Kirk Alyn became the first actor to give life to the comic book character, Clark Kent in Superman in 1948. However, at the time, screen portrayals of superheroes weren’t seen as the most lucrative projects and were more closely associated with the comedy genre than action.
A lot of actors picked up the seemingly hilarious costume after Alyn, but it was Christopher Reeve, who really made the red cape appear cool among the wider audience. Perhaps the most famous Kal-El of all time, Reeve, first appeared as the superhero in 1978’s Superman. The sci-fi action movie, which was the most expensive film made up to that point – swept up the box office after its release.
Reeve reprised his role in three more Superman installments and showed a glimpse of the potential of the genre that Marvel and DC Studios are realizing nowadays. A tragedy hit the action hero in the 90s, but he continued his penchant for making a difference one way or another.
How Christopher Reeve Remained a Superhero Off-Camera
In 1995, Christopher Reeve broke his neck when he was thrown from a horse during an equestrian competition. The injury paralyzed him from the shoulders down. However, the on-screen Superman didn’t let the tragic incident stop him, picking up the fight against issues disabled individuals face.
After his accident, Reeve helped raise funds for the American Paralysis Association (APA), which was later renamed the Christopher Reeve Foundation. Through his foundation, he continued to help many people and in an interview in 1998, underlined the importance of doing the right thing despite facing hurdles. He told Ability Magazine:
“Who knows why an accident happens? The key is what you do afterward. There is a period of shock and then grieving with confusion and loss. After that, you have two choices. One is to stare out the window and gradually disintegrate. And the other is to mobilize and use all your resources, whatever they may be, to do something positive. That is the road I have taken.”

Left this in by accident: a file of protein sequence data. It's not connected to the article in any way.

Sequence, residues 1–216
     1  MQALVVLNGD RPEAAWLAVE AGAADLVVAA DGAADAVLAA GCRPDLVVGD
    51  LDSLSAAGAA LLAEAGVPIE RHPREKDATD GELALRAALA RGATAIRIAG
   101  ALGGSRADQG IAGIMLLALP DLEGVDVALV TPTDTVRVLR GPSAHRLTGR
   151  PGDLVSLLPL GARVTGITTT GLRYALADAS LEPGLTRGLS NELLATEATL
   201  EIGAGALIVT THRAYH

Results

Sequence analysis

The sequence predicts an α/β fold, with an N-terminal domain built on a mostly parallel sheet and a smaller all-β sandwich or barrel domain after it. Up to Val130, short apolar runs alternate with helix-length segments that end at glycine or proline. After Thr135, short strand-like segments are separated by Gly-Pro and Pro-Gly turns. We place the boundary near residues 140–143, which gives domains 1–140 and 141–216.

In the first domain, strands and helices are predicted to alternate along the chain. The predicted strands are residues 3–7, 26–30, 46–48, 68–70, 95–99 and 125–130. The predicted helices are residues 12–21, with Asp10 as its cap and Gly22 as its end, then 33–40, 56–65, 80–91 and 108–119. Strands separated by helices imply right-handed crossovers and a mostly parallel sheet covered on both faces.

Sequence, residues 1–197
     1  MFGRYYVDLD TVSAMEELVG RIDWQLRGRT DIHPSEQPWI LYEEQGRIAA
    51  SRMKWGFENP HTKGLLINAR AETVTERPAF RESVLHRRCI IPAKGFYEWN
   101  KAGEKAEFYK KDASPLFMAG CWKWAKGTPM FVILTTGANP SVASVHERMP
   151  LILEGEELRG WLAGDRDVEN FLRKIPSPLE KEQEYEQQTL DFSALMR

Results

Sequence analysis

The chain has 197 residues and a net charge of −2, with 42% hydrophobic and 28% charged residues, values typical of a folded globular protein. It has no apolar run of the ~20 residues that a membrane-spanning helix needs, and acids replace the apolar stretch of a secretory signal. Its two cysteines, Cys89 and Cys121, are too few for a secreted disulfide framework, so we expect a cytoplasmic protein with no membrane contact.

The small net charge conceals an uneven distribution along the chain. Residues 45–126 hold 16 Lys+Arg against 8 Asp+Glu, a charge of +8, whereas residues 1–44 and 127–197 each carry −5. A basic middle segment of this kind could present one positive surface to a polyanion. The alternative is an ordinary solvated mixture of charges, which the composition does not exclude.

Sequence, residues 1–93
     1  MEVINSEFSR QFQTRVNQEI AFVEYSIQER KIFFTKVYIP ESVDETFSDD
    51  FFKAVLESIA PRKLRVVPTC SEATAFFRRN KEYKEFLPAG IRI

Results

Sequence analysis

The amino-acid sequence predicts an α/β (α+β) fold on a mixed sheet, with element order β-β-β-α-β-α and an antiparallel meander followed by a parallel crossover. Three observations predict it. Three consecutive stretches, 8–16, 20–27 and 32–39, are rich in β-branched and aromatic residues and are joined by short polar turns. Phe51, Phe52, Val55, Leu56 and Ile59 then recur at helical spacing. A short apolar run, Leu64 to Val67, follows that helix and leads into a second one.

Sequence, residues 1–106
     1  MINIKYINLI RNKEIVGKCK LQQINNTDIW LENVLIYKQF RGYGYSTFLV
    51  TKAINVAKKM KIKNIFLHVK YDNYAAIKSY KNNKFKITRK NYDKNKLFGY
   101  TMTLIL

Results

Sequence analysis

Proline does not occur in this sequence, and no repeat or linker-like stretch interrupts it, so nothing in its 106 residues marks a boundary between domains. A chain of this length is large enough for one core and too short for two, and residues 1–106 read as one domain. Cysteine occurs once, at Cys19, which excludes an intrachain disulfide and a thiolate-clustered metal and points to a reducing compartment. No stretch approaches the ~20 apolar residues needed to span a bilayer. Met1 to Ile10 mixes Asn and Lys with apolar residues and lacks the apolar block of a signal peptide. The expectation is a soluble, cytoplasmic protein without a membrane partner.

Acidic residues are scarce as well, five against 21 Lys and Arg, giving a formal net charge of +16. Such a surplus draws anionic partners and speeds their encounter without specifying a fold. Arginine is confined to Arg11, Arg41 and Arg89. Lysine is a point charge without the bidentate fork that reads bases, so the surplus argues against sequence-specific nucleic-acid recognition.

Reeve sadly passed away in 2004, but his vision was carried forward by his wife, Dana Reeve. However, she died 17 months later, of lung cancer. In 2007, the Foundation announced that it had changed its name to the Christopher & Dana Reeve Foundation on the first anniversary of her death. Years later, the foundation found itself embroiled in a legal battle.
Why Christopher Reeve Foundation Was Sued by Their Former Vice President
Bruce Morgan, who served as vice president of government relations at the CDRF, was sacked in 2009. This led to him suing the organization under the claim that he wasn’t given proper notice about his situation. As per the lawsuit, employees at the foundation were told there were going to be layoffs due to it facing a loss of $2.3 million that year. A month after the announcement, he was fired to cut costs.
Morgan claimed that despite playing a key role in the passage of the Christopher and Dana Reeve Paralysis Act, he didn’t receive any pay for January, February, and March of 2009. His complaints supposedly weren’t addressed properly and Morgan ended up being “discharged without any notice whatsoever” in April of that same year.
Accordingly, for a clear breach of his contract, Morgan sought out his lost wages, as well as “unspecified compensatory and punitive damages, costs, and fees.” This added a cloud of uncertainty over the foundation which was already losing a lot of money.
However, the CDRF is still making a difference, as Reeve’s children, Matthew, Alexandra, and William, have all continued to work to promote and push for research on spinal cord injuries.